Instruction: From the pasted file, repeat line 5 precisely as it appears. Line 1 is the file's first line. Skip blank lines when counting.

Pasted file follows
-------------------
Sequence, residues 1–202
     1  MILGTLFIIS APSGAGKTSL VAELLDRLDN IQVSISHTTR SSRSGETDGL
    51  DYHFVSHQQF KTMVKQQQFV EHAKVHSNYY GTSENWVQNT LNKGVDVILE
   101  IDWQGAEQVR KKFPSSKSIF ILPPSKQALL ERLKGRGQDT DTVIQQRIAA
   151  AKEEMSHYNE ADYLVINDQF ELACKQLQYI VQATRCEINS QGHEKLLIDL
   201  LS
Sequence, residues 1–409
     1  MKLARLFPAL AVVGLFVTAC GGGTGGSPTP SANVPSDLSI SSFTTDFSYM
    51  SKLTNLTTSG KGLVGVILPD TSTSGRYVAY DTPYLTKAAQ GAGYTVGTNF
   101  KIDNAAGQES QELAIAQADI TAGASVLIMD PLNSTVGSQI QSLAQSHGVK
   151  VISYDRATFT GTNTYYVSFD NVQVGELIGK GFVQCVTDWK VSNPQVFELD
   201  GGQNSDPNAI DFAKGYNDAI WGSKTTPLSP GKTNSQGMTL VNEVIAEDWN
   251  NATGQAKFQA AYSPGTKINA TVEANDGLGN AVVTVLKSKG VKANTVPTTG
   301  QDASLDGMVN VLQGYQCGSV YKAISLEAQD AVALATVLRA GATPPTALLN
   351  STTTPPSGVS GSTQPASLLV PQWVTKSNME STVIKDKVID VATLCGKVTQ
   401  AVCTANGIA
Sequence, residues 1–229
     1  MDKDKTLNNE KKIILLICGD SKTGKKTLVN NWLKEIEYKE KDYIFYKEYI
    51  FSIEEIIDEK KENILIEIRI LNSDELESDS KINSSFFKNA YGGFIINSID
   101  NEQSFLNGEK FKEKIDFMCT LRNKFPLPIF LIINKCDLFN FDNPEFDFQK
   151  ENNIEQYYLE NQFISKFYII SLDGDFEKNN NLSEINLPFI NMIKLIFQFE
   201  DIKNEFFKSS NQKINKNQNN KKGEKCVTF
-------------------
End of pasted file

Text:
   151  AKEEMSHYNE ADYLVINDQF ELACKQLQYI VQATRCEINS QGHEKLLIDL